Hop-on, hop-off “designed out” of new Routemasters

A design change to the Heatherwick-designed bus’s rear doors has led to claims passengers will no longer be able to hop on and off.

Image by James O Jenkins for Transport for London
Image by James O Jenkins for TfL

The hop-on, hop-off functionality of Transport for London’s revived Routemaster buses is being “designed out” of future models, it is claimed.

A change to the bus’s rear doors mean that on future models these will slide outwards rather than folding inwards as they currently do.

Writing for the Guardian, Dave Hill suggests that this change means the ability for passengers to be able to hop on and hop off the bus between stops is being “designed out”.

This move follows reports last year that future Routemaster buses will operate without conductors at the rear.

The new Routemaster design, created by Heatherwick Studio, took to the streets of the capital in 2012.

At the time of its launch, much was made of its hop-on, hop-off functionality, with designer Thomas Heatherwick saying: “This has been a once-in-a-lifetime opportunity for a team to look again at the opportunities for a new open-platform bus.”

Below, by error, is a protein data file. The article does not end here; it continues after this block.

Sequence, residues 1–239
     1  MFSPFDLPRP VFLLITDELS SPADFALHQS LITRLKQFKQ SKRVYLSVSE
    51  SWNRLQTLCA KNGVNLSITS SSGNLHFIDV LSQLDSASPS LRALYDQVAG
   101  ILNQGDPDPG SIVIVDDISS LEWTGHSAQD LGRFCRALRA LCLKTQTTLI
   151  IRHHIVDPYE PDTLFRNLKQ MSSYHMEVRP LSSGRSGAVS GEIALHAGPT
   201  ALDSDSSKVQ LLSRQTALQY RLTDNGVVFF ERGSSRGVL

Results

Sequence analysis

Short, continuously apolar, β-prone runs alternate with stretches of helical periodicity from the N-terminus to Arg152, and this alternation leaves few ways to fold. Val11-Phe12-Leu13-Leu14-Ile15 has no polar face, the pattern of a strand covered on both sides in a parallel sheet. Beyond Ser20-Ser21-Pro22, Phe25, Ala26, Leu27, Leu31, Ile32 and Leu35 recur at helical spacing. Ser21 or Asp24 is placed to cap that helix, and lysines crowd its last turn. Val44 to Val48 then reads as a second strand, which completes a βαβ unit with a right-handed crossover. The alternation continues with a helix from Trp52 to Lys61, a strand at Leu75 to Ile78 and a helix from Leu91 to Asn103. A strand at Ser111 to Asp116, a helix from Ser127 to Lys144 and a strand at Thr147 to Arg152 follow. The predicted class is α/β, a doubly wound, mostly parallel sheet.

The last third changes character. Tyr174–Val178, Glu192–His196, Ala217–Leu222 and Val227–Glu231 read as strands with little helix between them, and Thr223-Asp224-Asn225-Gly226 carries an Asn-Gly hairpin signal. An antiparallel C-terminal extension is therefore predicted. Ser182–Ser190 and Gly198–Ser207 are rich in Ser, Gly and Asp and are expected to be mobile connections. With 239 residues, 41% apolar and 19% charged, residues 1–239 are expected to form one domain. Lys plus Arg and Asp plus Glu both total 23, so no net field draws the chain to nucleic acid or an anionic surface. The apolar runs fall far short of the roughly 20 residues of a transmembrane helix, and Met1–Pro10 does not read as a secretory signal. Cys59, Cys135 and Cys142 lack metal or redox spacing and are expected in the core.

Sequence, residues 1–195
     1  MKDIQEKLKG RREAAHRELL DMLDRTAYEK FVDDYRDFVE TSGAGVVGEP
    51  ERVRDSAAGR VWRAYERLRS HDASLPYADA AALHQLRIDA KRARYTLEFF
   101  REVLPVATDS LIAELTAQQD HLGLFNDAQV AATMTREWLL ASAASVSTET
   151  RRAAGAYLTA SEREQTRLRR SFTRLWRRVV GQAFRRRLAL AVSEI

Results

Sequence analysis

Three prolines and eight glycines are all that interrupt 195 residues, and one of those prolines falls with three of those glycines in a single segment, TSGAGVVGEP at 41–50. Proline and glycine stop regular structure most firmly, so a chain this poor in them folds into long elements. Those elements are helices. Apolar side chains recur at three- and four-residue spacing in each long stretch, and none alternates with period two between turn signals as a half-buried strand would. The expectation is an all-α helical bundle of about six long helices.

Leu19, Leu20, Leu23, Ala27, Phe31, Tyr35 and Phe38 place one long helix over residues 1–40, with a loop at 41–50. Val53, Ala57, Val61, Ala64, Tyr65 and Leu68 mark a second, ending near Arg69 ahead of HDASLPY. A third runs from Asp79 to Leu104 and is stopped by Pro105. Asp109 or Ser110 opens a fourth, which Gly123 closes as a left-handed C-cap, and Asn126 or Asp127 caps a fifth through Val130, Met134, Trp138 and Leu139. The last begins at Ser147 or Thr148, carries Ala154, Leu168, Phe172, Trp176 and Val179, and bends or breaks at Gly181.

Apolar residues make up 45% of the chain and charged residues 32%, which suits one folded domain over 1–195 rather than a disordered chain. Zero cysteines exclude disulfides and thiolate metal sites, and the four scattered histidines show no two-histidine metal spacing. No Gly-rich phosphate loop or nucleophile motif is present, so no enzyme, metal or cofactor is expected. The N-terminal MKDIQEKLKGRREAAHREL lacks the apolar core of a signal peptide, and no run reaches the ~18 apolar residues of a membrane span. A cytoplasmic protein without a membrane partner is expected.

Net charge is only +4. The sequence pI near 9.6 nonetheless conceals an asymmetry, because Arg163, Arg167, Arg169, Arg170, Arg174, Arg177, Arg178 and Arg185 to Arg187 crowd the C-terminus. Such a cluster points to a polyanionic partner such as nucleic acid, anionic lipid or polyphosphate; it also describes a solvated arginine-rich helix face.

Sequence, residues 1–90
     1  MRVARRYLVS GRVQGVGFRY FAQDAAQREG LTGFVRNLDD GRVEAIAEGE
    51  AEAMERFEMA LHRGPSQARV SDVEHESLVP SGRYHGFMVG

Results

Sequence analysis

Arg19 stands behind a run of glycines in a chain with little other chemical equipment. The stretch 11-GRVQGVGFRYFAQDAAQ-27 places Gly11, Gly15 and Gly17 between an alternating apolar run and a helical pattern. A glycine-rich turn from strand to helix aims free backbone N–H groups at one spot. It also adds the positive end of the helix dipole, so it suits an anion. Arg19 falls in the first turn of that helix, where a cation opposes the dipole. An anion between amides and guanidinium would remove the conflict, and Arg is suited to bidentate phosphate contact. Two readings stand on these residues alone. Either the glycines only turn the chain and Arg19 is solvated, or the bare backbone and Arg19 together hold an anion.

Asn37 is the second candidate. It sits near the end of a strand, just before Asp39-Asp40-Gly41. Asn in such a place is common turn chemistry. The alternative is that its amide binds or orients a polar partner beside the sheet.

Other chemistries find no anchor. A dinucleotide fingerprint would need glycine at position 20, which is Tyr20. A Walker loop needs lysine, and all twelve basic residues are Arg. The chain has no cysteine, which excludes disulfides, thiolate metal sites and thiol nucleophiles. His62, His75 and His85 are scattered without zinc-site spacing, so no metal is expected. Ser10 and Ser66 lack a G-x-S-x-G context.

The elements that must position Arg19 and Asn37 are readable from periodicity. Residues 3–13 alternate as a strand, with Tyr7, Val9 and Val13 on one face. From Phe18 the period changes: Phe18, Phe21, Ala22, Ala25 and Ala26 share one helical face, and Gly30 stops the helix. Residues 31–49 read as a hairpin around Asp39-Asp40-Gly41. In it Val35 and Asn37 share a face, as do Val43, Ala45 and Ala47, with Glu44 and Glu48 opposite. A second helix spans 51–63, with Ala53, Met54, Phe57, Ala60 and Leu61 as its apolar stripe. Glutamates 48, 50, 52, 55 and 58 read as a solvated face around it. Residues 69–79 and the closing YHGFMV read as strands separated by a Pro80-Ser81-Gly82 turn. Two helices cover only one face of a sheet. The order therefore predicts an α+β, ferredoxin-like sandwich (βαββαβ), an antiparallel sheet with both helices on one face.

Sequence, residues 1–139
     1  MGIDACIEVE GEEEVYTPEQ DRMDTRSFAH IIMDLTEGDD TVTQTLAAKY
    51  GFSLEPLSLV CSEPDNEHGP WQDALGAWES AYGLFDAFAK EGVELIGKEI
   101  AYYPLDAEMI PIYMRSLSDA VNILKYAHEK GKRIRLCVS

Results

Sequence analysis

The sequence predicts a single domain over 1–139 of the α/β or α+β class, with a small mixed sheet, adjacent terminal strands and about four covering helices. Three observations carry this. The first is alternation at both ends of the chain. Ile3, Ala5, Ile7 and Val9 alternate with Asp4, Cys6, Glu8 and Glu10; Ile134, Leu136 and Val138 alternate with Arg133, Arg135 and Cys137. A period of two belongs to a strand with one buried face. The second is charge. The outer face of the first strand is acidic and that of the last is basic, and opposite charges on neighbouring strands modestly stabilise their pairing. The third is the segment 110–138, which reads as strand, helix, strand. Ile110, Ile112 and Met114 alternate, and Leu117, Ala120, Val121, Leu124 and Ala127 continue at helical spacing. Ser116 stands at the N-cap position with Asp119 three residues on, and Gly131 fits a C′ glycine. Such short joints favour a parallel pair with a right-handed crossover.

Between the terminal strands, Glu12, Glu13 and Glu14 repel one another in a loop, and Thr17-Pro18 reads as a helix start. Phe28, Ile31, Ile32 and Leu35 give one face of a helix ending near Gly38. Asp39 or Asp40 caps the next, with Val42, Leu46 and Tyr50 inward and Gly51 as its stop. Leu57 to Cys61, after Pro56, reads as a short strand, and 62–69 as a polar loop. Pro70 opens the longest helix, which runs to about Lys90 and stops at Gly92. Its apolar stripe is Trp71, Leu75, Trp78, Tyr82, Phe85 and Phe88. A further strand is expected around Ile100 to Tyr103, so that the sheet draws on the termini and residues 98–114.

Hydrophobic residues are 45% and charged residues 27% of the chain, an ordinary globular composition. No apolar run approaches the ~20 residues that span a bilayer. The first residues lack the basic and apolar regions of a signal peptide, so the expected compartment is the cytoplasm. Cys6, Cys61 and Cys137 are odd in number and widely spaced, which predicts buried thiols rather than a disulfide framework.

London Mayor Boris Johnson on the rear platform of the New Routemaster. Image by TfL
London Mayor Boris Johnson on the rear platform of the New Routemaster. Image by TfL

London Mayor Boris Johnson, who initiated the Routemaster project, said: “This is the latest, greatest masterpiece of British engineering and design, and I am certain it will become a much loved and iconic vehicle akin to the legendary Routemaster from which it draws so much inspiration.”

TfL confirmed that the new doors would open outwards rather than inwards, but did not address how this would affect passenger use of the bus.

Mike Weston, TfL’s director of buses, says: “New Routemasters are a London icon and much loved by both Londoners and visitors alike.

“A modification is being made to the rear door of future deliveries of these buses, meaning it can open outwards and parallel to the side of the bus, rather than inwards, providing more space for passengers.”

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  • Ian Caldwell June 29, 2015 at 3:11 pm

    Lets hope they also design in adequate air conditioning or opening windows – the rear doors provide much-needed ventilation in summer.

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